The idea that sport and politics should not be mixed made more sense in the days of recognized international competitions between amateur athletes of the different nations. Professional athletes competing individually in different countries are no different than any other professional seeking employment and are subject to laws of the host country including obtaining visas.
    In this instance, the real arrogance comes from Peer for thinking that she is entitled to go to the UAE, just after her country has committed such an outrageous aggression against a defenseless population of Gaza and with which she apparently approves.…and then complaining to the WTA.
    Different countries handle the visa process in their own ways, sometimes without due regard to recognized international standards of civilized behavior and perceived ‘red lines’. For example, her own country has recently barred entry to Richard Falk, the UN Special Rapporteur on the Palestinian Territories. In his own words;
    “After being denied entry, I was put in a holding room with about 20 others experiencing entry problems. At this point, I was treated not as a UN representative, but as some sort of security threat, subjected to an inch-by-inch body search and the most meticulous luggage inspection I have ever witnessed……… I spent the next 15 hours so confined, which amounted to a cram course on the miseries of prison life, including dirty sheets, inedible food…” (the full narrative is at http://www.zmag.org/znet/viewArticle/20021). Of course Mr. Falk had only himself to blame for how Israel treated him, he apparently took his responsibilities as the Special Rapporteur on the Palestinian Territories too seriously, and even prior to that, of being critical of Israel’s treatment of Palestinians in the Israeli Occupied Palestinian Territories.
    Ms Peer is probably luckier than Mr. Falk though, at least the UAE had the decency to deny the visa before she travelled. Israel knew Mr. Falk was coming all the way from California, they had his itinerary.
    If Scott believes that he would be correct in threatening the UAE with cancelling the event, then we are left to consider what actions the United Nations should be entitled or rather obligated to take when their representatives are treated as Mr. Falk has been.

  19. Angie Tibbs said on February 20th, 2009 at 8:18pm #

    Without providing any facts to prove his allegation,, someone calling himself “Rhino Jack” has declared that Kim Petersen’s “description of Israel’s incursion into Gaza is flawed and not true”..

    In his article Mr. Petersen wrote:

    “Jewish Israeli forces recently committed multiple war crimes, killing over 1300 Gazans, wounding more than 5450 Gazans, destroying homes, hospitals, schools, and societal infrastructure, and creating over 85,000 refugees out of a population of 1.5 million.”

    Did Jewish Israeli forces commit multiple war crimes in Gaza? Yes, they did. Let there be no mistake. The death and destruction these terrorists, masquadering as an “army”, carried out against the people of Gaza in 22 days has given new meaning to war crimes and crimes against humanity.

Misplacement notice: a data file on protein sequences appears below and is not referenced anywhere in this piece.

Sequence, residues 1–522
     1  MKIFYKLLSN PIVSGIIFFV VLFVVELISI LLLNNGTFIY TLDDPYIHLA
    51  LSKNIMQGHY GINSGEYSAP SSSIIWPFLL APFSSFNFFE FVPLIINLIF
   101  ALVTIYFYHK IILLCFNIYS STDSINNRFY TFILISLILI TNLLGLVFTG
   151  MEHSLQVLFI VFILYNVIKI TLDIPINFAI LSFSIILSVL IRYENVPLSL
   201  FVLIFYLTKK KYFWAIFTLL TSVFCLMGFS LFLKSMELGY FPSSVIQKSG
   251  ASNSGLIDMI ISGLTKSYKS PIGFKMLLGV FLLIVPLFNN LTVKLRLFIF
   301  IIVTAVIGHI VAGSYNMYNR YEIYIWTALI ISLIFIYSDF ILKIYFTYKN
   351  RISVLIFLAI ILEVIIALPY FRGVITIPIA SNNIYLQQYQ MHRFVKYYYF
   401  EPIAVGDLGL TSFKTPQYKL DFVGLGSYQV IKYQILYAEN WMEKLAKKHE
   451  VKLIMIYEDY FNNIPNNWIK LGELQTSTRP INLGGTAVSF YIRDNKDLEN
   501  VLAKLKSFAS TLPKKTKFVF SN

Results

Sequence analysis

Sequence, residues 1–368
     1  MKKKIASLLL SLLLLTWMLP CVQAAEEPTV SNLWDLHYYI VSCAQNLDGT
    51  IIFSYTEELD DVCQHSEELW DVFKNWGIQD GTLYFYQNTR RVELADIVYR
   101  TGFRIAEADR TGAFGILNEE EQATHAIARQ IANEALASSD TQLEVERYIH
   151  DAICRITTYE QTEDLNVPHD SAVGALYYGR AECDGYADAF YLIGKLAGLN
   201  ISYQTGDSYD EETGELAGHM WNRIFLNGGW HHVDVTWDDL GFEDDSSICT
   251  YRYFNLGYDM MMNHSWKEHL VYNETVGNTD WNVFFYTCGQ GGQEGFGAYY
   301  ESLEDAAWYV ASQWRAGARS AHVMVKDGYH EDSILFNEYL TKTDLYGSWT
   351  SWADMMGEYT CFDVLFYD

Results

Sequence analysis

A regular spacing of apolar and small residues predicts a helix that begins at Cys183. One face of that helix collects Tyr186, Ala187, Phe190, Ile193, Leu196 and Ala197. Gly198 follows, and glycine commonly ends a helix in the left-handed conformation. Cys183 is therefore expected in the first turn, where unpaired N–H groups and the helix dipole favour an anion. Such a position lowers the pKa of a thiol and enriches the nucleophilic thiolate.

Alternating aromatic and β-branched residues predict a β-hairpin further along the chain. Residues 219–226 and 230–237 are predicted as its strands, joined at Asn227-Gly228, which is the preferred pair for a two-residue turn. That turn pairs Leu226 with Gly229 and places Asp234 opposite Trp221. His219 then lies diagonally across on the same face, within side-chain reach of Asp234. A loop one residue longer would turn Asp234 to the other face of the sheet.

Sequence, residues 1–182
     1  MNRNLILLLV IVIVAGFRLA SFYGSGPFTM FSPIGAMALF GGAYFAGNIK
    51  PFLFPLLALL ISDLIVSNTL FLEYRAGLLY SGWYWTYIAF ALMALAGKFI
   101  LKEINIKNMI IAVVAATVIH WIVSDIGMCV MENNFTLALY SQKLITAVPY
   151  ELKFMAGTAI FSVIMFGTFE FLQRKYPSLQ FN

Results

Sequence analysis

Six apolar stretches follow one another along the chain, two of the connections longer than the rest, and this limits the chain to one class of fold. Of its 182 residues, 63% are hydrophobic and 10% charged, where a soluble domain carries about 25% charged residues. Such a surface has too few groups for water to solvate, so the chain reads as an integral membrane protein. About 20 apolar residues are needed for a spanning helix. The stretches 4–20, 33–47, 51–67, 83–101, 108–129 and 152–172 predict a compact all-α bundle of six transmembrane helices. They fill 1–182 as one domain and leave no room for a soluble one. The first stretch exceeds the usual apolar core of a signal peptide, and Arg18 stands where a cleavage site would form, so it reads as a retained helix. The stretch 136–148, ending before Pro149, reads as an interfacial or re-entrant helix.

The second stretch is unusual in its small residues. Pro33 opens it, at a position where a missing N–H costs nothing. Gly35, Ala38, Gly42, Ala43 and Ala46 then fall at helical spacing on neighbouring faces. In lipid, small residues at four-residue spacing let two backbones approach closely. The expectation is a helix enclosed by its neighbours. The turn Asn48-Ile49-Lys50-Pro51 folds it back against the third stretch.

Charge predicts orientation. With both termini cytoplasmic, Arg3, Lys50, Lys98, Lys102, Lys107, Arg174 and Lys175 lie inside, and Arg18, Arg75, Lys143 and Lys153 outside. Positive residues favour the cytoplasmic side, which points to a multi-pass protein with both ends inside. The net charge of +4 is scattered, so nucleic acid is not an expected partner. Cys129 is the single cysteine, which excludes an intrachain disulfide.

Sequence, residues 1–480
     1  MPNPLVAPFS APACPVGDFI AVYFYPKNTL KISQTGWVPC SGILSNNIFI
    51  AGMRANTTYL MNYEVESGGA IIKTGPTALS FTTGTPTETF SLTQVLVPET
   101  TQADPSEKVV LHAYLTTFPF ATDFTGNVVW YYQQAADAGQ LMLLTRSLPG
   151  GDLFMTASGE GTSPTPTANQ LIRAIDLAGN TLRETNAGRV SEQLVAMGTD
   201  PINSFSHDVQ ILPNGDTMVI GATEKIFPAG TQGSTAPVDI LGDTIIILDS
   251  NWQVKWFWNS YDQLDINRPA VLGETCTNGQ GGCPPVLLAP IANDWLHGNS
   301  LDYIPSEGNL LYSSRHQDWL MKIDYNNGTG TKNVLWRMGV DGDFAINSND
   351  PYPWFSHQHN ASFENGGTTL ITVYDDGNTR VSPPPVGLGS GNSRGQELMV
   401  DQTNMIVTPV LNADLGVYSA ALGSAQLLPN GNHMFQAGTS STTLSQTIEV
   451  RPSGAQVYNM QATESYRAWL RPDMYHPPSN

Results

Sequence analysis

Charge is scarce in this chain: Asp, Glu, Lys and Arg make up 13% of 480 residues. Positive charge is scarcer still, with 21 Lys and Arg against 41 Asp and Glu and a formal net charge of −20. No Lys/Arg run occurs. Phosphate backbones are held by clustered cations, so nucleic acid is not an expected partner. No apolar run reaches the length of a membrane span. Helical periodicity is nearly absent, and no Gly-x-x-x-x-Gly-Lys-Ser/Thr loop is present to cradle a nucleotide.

Were over 1300 Gazans killed? According to UN figures, yes. Were 5,450 Gazans wounded? Again, UN figures, but one expects that number to be higher bearing in mind the horrific bombardment in such a densely populated area.

    Were not homes, schools (including UN schools), hospitals, and the infrastructure of Gaza destroyed? Yes, a devastation of monumental proportions to every aspect of Gazan life.

    You find this a “flawed” and “not true” description?”

    Readers will note that Mr. Petersen presented appropriate research to back up his description of the terrorist attack on Gaza. “Rhino Jack” presented nothing.

  20. mary said on February 28th, 2009 at 3:33am #

    The boycott on Israeli sport in general and tennis in particular is succeeding. The Davis Cup tie between Sweden and Israel will be played in Malmo without any spectators.

    http://www.guardian.co.uk/sport/2009/feb/28/tennis-israel-gaza-davis-cup

    The sequel to the story of Miss Peer was that she received financial compensation of $44,250 plus points and the UAE championship organizers were fined $300,000. Mr Ram lost his opening double match.

    Some small satisfaction here for the victims of the Cast Lead shoah.

    http://www.adnkronos.com/AKI/English/Sport/?id=3.0.3052671113

  21. mary said on March 8th, 2009 at 6:26am #

    Back to the story of Israeli tennis and protests.

    They have played Sweden in Malmo and lost. There were 6,000 protestors according to this UPI report which PLEASE do NOT click on – a virus has just this very minute arrived on it when I checked to make sure I had copied it correctly! I wonder who put it there?
    (www.upi.com/Sports_News/2009/03/07/Thousands_protest_at_Israel-Sweden_match/UPI-28671236465481/)

    but of course the the BBC report the estimated number as ‘dozens’ just as they reduced the number of people who assembled in London’s Hyde Park in January from 100,000 to 5,000.

    No wonder we call them the Z(ionist)BC.
    http://news.bbc.co.uk/1/hi/world/europe/7930432.stm

    They have also failed to report the arrival of the Viva Palestina aid convoy’s arrival at the Rafah gate. Perhaps they are waiting to see how many Palestinians the Israelis can kill in today’s air raids.
    http://www.presstv.ir/detail.aspx?id=87884&sectionid=351020202